TRANSFORMING STARTUPS THROUGH FORMALISATION

Hellen Mukasa - Lead, LegalTech Lab

Entrepreneurship in Africa has gained traction and is gradually being fronted as the solution to Africa’s development challenges. In Uganda, Startups play a vital role in creating employment opportunities, enhancing production and supply chains, value addition, technology transfer, development and innovation and if harnessed well, they have the potential to facilitate the transition of our economy to an innovative, inclusive, transformative growth trajectory. However, startups continue to grapple with a wide range of social, economic, policy and regulatory challenges that impede their growth and effective performance.

Over the years, The Innovation Village has been supporting Startups with business growth strategies, trained founders with tech and business related skills to create solutions to the problems affecting our communities. Through the Legal Tech Lab, Startups have been supported to easily transition from the informal sector to formalization with the goal to make them predictable contributors to the country’s Gross Domestic Product (GDP) just like the Micro Small and Medium Enterprises.

In the URA E-bomba ya business summit held last year under the theme: “Business Formalization and Inclusive Resource Mobilization for Uganda’s Economic Independence.” The commissioner General Mr. John Musinguzi, urged businesses in the informal sector to register and formalize if they want to be supported and grow without encountering unnecessary obstacles.

By formalizing, startup increases its ability to attract top talent which can develop the idea into a viable business model. It increases opportunities of access to formal services, both financial and judicial. The startup gains trust from potential partners and investors who usually conduct due diligence checks before they can relate with a Startup. Furthermore, the Startup can raise much needed capital from issuing shares to new shareholders. Despite all such benefits of formalization, many startups continue to operate informally.

Among many reasons, a lack of awareness of the benefits of formalization ranks among the top. Additionally, unfounded fear of the startup’s idea being stolen once “Out there” before the founders test it is another factor including anxiety over the implied obligations after registration such as, paying taxes and expensive legal services. This can be attributed to the fact that most Startups operate on extremely stringent budgets. Therefore, prioritizing expenditure on business related costs such as developing their Minimum Viable Product (MVP), and testing market channels takes precedence.

As a result, legal advice, even when subsidized, is not essential to startups mostly sought as a curative and not preventive measure. I have seen this happen in different instances such as when a start-up finds a very interested investor who asks for its registration status, shareholding, and its bank details, or an unpleasant encounter with the authorities when the Startups’ uncertified products are found on the market without the now mandatory digital stamp.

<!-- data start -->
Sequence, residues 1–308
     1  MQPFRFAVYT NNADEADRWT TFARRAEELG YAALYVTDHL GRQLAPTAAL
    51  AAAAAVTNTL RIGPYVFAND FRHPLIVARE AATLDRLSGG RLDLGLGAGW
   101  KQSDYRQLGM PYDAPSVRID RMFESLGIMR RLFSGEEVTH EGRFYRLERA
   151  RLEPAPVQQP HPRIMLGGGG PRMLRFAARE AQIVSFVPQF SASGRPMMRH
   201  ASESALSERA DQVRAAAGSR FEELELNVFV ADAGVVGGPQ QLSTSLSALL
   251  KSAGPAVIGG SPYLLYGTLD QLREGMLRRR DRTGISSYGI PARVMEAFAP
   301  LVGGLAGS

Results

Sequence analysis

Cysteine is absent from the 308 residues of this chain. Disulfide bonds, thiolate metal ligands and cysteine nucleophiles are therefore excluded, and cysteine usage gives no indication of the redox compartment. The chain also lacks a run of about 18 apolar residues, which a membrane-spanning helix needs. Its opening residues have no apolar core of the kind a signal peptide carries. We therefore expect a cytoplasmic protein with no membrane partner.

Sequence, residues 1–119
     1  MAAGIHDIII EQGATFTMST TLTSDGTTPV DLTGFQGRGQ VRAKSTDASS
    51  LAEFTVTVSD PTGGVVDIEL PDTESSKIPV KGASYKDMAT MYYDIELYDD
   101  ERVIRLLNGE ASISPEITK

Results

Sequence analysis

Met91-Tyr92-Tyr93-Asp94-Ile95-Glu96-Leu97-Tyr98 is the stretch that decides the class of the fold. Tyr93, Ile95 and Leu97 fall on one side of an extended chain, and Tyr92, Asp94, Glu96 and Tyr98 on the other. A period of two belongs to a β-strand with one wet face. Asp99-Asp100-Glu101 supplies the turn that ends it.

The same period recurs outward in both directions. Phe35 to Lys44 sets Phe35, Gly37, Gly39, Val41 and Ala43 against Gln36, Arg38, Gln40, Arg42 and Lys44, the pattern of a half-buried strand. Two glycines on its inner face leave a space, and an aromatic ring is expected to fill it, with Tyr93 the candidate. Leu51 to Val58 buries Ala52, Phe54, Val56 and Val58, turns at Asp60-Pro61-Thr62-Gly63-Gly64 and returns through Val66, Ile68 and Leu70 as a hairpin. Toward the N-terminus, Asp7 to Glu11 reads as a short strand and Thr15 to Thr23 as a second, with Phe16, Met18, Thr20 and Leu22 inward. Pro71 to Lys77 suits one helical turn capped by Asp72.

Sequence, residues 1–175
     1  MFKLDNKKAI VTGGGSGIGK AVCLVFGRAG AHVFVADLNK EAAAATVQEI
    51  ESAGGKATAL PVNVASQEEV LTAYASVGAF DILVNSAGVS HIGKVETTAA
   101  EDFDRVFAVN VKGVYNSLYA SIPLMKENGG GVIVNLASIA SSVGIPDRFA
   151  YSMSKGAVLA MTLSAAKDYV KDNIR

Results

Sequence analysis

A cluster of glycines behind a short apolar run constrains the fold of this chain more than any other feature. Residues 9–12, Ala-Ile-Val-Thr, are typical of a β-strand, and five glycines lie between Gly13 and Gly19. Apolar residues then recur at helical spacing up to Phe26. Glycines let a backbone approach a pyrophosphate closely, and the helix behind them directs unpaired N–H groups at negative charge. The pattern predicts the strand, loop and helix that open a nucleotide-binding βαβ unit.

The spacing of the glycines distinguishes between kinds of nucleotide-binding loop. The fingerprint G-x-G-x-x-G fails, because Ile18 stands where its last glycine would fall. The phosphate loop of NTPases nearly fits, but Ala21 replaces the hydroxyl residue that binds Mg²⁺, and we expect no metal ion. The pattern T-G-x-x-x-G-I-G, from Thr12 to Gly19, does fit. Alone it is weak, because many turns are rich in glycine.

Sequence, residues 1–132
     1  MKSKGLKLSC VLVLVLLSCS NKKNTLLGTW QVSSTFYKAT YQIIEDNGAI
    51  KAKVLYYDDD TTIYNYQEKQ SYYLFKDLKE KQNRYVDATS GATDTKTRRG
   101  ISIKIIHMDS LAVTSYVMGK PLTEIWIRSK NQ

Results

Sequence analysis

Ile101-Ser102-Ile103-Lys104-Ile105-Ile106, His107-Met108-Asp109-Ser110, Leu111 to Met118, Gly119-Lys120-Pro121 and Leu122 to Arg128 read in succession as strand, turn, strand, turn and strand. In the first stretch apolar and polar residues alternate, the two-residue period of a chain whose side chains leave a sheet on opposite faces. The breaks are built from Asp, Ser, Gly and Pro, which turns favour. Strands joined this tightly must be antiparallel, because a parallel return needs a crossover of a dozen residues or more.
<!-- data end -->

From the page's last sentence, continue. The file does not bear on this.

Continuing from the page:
The most unfortunate case that we at the LegalTech Lab recently encountered was when a startup founder gave away 80 of the 100 shares her startup for seed funding given by an organization. She was then introduced to other potential investors by the same organization, and in the process, issued away an additional 18 shares, leaving her as a mere employee of her Startup with only 2 shares. The startup founder eventually got frustrated and quit because she had lost control of the direction of the startup. There were a couple of factors at play in this case. The obvious naivety of the startup founder, general ignorance of basic legal information about company shares but also, her failure to seek advice from legal counsel, the lack of protection for Startups through an enabling law.

To raise awareness of the importance of formalization of startups, we work closely with Uganda Registration Services Bureau (URSB), Uganda Revenue Authority (URA), and Uganda National Bureau of Standards (UNBS) which hold regular info-sessions in our community. They offer both virtual and physical sessions and provide experts on demand to small, organized groups of our community; for instance, the URSB recently availed its experts to train Agripreneurs in our Mbarara community on formalization.

We are cognizant that it’s an audacious goal to make Startups a predictable contributor to Uganda’s GDP, but we believe that it’s achievable if all duty bearers play their role in creating an enabling environment for startups to thrive. Irrefutably, this leads us right into the debate of whether Uganda needs a Startup Act. In collaboration with Private Sector Foundation Uganda (PSFU), Startup Uganda, with support from a development partner, we represent startups on a Technical Working Committee of the Ministry of Trade Industry and Co-operatives (MTIC) which is leading the startup Policy deliberations. We await the Regulatory Impact Assessment which will inform all next steps on creating an enabling environment for the startup ecosystem.

Hellen Mukasa

Legal Tech Lab Lead

The Innovation Village

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